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The eclipse that proved Einstein’s theories

“Lights all askew in the heavens,” read the New York Times front page, “Men [sic] of science more or less agog.” The Times of London was more decorous: “Revolution in science. Newtonian ideas overthrown.”

The confirmation of Albert Einstein’s new general theory of relativity on the 29th of May 1919 made headlines around the world. Arthur Stanley Eddington‘s measurement of the gravitational deflection of starlight by the Sun was a triumph of experimental and theoretical physics. Scientists are good at celebrating triumphs. Sometimes we’re a little too good – students can be left thinking that one crucial experiment is all it takes to make or break a theory. So it’s worth using this anniversary as an occasion to reflect on how science advances.

If you want to measure the deflection of starlight by the Sun, you can’t do it at night: the Sun is in the wrong place. You can’t do it in the daytime, either: you can’t see the stars. To perform their measurements, Eddington and his successors had to wait for an eclipse to block out the sunlight, letting them see images of stars close to the edge of the Sun.

But solar eclipses are, however, inconvenient. They don’t come when or where you’d like. An early mission, meant to measure the effect during an eclipse in the Crimea, ended abruptly when German astronomer Erwin Finlay Freundlich was interned as an enemy alien at the outbreak of World War I (He was released in a prisoner exchange; his telescope was not). Eddington had to mount expeditions to Principe, off the coast of West Africa, and northern Brazil, where temperature changes deformed a telescope’s mirror. More than fifty years later, the Texas-Mauritania eclipse expedition had its views obstructed by a dust storm. Even decades after Eddington’s first observations, the accuracy had not hugely improved. The measurements clearly favored general relativity over Newtonian gravity, but with errors of around 10%, they left a lot of wiggle room for alternative theories.

This artist’s impression shows how ULAS J1120+0641, a very distant quasar powered by a black hole with a mass two billion times that of the Sun, may have looked.
Image credit: ‘Artist’s rendering ULAS J1120+0641’ by ESO/M. Kornmesser. CC BY 4.0 via Wikimedia Commons.

Then came radio astronomy. You can detect the radio waves from a quasar in broad daylight, with no need to wait for an eclipse. Radio measurements come with their own problems: a radio wave passing too close to the Sun will be refracted by the solar atmosphere. But this effect is well understood, and it varies with frequency, so it can be subtracted off by measuring at several different frequencies. The first radio measurements were already better than Eddington’s. With the advent of Very Long Baseline Interferometry, which combines signals of many widely separated radio telescopes, the accuracy has improved a thousandfold.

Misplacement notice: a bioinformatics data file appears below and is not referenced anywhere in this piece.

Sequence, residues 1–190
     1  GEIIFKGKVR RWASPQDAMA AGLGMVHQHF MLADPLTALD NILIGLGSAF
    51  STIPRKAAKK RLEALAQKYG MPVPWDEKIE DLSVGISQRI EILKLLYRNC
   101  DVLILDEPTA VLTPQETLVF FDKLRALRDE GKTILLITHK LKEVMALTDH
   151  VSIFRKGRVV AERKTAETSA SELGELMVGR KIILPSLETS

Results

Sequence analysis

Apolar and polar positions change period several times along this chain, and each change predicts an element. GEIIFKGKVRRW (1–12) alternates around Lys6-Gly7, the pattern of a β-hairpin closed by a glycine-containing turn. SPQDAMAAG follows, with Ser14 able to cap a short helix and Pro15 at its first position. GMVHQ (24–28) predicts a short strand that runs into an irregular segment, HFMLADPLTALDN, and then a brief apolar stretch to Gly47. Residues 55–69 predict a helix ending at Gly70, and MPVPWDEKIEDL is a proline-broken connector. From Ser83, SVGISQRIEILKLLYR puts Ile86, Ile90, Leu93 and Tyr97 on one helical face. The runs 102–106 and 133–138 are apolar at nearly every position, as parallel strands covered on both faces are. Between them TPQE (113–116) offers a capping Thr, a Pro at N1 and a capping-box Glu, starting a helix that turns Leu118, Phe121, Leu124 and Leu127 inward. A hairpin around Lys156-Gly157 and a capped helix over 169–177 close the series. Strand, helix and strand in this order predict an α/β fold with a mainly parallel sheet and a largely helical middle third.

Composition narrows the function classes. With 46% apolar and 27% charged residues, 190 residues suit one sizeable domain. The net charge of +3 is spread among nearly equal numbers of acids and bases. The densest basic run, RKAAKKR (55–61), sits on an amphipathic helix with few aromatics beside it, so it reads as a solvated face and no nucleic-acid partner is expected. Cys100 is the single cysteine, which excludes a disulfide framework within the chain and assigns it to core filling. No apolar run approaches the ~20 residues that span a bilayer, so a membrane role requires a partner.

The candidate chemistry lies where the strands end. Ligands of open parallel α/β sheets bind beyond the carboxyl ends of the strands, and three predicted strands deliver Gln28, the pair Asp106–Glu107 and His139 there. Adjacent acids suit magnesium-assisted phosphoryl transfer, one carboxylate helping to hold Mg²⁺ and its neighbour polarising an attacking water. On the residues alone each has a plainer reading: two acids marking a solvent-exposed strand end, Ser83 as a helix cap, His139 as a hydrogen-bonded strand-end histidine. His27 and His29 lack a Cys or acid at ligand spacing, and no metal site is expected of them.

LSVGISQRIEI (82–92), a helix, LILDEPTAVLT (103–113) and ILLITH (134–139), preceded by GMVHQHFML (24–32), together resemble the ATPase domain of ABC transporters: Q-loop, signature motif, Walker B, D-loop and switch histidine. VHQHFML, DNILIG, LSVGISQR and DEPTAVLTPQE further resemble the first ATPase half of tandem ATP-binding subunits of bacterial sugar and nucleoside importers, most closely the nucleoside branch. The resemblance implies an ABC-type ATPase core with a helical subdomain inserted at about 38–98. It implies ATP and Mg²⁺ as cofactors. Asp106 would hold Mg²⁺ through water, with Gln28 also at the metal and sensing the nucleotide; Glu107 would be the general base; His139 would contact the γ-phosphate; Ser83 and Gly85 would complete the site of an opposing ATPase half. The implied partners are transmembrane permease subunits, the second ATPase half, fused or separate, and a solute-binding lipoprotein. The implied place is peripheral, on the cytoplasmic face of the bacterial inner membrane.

Nowadays, many of the best measurements of the bending of light are actually incidental results of other experiments. Geophysicists routinely use the interferometry technique to monitor the Earth’s orientation, crustal dynamics, and the like; more than seven million of those observations have been combined into a test of Einstein’s predictions of light-bending. The Hipparcos satellite was designed to use parallax to determine the distances to stars, but it also measures the defection of light; an analysis of 87,000 stars has given an answer almost as precise as the results found using Very Long Baseline Interferometry. Hipparcos’s successor, the GAIA mission, will do even better.

It’s sometimes said that a phenomenon is truly established when it passes from being a test to being a tool. The gravitational defection of light has made this passage. Eddington used the known mass of the Sun, plus Einstein’s equations, to predict the defection. Astronomers today use the observed deflection – gravitational lensing – to infer the distribution of mass, allowing a direct measurement of the otherwise invisible dark matter that pervades the universe. In a few years, the Large Synoptic Survey Telescope and similar observatories will use these techniques to give us unprecedented three-dimensional maps of the mass of the Universe.

But there is still room for surprises.  The Event Horizon Telescope has just shown us the first direct image of a black hole, silhouetted against light that was bent into a ring by the enormous gravitational field.  Better images are coming, and while it may not be very likely, the deflection of light could yet show that black holes are very different from how we currently perceive them.

Eddington’s triumph lives on, in ways he could not have imagined.

Featured image credit: “Solar Eclipse” by Taylor Smith. CC0 via Unsplash.

Recent Comments

  1. Jilly Cullen

    Why have you put sic after men: “Men [sic]…”?
    Aren’t Eddington and Dyson men? That at least would be an amusing conjecture.
    Sadly you are probably engaging in a piece of virtue-signalling. It really is unnecessary. Readers can surely appreciate that one hundred years ago people expressed themselves differently. Please don’t patronise us.

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